James Simpson & Co. Ltd. of Balderton in the First World War

The Engine Works

By Peter White

In August 1914, the company had an unfulfilled order from Krupps Armament Works. In view of the impending hostilities it was decided not to proceed with this or any other orders destined for Germany.

In August 1914, Mr. O.F. Rudloff, a book keeper in London Office was dismissed the company service due to the national feeling against persons of German origin. He was however, assisted to emigrate to New York, in October 1914, to work for the Henry R. Worthington Company.

Photo:Women workers at Simpsons during the First world War

Women workers at Simpsons during the First world War

At the commencement of the First World War the Directors agreed that for married staff with dependants, called to service, the company would make up their service pay to two thirds of their previous salary.   For married men without dependants, to half their previous salary.

 At the start of  the First World War Charles Liddell Simpson (who had designed the layout of Balderton Works) became Chairman  of the Patent Die Castings Co. Ltd. with special attention to the manufacture of fuses.   Sea mine firing mechanisms were assembled at the Grosvenor Road Works in London.

In December 1916, it was reported that 260 employees had joined the colours. This included:-

Killed in action 15

Wounded 15

Prisoner 1

Missing 2

Invalided out 4

Died in training 4


The Company was a controlled firm under the Munitions of War Act.

In 1916 the Company was publicly thanked for adaptation of  the Works for the manufacture of shells.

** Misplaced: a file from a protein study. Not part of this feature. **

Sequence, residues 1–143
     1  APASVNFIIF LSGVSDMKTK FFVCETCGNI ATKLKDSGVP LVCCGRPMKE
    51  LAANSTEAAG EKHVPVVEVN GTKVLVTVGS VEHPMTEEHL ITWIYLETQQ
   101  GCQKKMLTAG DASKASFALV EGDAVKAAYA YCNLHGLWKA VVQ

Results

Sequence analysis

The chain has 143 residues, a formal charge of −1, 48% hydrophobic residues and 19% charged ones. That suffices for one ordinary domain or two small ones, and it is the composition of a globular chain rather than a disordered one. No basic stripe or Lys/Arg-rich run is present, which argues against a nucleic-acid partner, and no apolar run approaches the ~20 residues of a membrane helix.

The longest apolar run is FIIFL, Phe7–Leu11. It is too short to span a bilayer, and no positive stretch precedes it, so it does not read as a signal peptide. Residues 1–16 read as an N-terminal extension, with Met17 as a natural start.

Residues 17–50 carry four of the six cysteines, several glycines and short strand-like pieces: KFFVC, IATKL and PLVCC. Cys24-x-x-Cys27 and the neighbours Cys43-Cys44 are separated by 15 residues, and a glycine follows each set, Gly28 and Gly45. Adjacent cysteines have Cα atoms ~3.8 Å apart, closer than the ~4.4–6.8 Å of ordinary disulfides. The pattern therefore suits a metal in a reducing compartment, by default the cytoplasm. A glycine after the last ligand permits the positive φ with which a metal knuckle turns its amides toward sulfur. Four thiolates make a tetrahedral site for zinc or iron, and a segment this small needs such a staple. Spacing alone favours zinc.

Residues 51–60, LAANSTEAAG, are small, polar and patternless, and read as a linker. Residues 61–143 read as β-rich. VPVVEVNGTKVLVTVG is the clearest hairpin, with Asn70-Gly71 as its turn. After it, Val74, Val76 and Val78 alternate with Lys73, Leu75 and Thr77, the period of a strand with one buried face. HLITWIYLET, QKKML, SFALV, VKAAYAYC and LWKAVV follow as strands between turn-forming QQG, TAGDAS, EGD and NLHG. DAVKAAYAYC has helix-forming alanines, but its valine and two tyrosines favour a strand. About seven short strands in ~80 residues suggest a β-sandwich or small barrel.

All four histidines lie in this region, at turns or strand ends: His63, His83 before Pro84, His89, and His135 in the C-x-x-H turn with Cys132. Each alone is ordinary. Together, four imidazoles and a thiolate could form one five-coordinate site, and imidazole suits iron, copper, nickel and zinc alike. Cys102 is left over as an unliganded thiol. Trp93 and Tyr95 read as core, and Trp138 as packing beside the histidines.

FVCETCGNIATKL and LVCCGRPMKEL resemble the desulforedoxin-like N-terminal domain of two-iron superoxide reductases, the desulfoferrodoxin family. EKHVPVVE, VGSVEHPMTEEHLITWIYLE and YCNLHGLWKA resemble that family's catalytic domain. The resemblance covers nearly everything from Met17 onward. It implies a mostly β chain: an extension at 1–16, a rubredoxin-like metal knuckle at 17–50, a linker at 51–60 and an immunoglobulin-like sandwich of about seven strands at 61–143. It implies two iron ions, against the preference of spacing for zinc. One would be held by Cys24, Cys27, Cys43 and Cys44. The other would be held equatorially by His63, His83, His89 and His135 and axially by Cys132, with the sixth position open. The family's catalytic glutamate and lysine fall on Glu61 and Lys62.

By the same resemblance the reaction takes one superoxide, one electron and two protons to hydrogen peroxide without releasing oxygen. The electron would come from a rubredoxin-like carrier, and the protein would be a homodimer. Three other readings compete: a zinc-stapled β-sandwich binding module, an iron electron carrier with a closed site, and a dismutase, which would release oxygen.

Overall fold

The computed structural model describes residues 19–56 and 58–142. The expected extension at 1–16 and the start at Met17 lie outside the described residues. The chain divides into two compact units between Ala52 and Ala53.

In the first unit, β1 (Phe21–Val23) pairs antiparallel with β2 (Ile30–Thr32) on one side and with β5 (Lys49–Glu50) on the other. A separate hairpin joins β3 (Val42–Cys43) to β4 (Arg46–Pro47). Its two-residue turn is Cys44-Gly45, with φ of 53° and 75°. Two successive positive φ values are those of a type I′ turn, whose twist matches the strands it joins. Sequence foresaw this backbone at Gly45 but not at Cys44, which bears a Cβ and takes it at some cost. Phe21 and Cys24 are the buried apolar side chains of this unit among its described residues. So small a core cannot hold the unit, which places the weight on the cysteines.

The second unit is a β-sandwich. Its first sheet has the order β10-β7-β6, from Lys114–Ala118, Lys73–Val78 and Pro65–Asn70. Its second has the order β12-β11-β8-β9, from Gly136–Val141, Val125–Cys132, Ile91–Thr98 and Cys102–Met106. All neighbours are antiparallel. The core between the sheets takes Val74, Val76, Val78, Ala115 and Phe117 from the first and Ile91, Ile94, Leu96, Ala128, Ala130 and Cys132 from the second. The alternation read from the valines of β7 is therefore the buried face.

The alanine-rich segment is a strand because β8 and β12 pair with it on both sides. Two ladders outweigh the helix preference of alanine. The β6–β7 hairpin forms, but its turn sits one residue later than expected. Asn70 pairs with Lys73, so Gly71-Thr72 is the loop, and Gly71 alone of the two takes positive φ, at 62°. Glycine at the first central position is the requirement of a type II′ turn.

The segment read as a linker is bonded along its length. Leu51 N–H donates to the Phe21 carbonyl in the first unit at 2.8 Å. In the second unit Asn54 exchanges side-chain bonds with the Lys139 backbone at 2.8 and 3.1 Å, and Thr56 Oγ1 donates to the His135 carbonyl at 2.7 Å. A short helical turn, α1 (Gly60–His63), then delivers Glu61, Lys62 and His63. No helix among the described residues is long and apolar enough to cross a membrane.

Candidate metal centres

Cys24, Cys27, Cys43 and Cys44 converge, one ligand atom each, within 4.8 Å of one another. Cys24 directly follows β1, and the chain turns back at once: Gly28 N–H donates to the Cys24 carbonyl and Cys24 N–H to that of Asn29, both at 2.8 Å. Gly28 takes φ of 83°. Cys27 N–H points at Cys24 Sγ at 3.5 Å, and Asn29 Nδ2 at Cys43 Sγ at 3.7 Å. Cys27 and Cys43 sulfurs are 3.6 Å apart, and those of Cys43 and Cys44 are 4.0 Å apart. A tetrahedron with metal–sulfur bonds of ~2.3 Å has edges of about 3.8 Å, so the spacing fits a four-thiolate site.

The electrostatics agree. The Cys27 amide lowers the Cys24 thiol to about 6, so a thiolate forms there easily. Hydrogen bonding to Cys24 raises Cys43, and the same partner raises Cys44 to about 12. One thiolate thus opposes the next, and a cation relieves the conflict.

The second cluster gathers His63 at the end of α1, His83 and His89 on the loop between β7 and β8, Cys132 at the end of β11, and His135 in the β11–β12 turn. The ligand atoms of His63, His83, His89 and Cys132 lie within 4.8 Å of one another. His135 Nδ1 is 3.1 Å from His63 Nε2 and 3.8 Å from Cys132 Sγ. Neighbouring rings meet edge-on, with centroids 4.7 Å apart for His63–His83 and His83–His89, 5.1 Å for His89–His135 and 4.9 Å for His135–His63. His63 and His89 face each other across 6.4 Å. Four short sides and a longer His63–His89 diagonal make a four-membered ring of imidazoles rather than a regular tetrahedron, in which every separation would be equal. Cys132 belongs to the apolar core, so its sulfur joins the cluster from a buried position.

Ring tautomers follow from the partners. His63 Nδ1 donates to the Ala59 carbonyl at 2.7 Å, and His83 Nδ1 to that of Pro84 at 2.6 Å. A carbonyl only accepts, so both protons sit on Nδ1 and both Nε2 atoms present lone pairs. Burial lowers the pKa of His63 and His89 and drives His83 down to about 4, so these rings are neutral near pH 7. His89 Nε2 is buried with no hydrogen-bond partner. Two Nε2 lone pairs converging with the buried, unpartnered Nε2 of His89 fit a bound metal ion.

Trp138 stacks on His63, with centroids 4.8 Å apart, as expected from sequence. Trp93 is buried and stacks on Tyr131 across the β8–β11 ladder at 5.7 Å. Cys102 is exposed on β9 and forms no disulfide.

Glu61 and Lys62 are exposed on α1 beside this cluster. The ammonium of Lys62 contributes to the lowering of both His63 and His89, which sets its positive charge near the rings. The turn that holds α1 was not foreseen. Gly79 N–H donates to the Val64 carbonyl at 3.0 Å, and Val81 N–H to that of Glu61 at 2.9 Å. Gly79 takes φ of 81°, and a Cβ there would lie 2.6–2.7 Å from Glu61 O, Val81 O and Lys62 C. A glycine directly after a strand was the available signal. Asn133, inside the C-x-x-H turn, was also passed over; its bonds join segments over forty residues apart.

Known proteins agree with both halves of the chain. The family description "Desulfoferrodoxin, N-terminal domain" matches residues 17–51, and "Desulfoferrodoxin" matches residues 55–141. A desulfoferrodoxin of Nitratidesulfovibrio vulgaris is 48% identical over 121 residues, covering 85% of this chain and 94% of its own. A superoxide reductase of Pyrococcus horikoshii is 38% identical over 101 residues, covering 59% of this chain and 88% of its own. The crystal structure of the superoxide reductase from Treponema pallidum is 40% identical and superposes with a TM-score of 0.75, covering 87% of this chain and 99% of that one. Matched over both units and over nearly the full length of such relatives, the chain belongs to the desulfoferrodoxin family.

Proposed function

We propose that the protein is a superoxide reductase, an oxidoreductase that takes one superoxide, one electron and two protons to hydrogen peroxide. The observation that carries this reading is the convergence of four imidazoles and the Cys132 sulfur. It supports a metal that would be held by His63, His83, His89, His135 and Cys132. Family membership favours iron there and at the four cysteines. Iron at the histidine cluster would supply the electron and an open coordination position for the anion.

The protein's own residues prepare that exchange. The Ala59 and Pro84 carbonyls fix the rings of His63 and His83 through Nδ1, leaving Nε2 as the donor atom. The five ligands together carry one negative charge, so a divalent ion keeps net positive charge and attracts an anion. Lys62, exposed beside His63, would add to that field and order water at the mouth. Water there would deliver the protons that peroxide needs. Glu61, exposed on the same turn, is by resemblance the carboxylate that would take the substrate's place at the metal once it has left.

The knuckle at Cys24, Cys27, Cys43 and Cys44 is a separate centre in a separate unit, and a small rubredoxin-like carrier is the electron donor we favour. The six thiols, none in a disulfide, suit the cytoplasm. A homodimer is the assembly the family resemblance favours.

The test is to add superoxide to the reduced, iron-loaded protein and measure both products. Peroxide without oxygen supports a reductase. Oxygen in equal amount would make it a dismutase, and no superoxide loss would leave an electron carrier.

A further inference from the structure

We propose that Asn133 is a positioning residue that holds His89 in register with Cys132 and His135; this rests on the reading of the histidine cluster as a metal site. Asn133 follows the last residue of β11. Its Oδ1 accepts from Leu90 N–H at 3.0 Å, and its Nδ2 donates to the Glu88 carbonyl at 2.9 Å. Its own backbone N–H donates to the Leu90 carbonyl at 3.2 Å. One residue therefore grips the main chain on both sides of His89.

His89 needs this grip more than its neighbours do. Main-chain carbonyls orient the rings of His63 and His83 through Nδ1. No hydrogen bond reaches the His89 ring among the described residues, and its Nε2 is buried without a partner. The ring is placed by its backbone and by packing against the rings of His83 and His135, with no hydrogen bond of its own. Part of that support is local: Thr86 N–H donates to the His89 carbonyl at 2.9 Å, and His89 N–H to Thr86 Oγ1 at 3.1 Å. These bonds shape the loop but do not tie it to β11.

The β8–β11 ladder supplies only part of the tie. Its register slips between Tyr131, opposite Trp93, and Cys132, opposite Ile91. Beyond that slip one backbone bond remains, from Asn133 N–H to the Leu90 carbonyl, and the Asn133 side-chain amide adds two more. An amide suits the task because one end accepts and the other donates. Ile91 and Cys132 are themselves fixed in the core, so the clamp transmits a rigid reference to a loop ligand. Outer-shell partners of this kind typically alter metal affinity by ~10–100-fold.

In February 1916 the British Government asked if the output of 9.2 inch Howitzer copper driving bands could be increased.  It was forecast that 1,500 per week could be produced with new equipment. Three Morgan tilting furnaces, one annealing furnace, one platform weighing machine and a cast iron bin for copper scrap were ordered at a total price of £1,184/-/- including installation.

In 1917, Sir James Kemnal, Company Chairman and Henry Smith, Chief Engineer met a Colonel Ramsden at Balderton Works to discuss gun repair. What transpired is not recorded, but a battered photo shows employee Jimmy Pearson in the works with a large gun.

During the war, pumping machinery was lost at sea due to enemy action, this particularly applied to Steam Pumps being imported  from the U.S.A. As an example, losses during the year ending 31st December 1917 were valued at £16,664/7/10.

In 1917 the name of the Company was changed to Worthington Simpson Ltd.

In 1918 the total number of Worthington Simpson employees was 800 of which 130 were female, most of the latter having been recruited for the war effort.

 P.S. The address changed to Lowfield Works in 1936, when the Engine Trade had almost ended.

Extracted by Peter White from his book "A History of Worthington Simpson"

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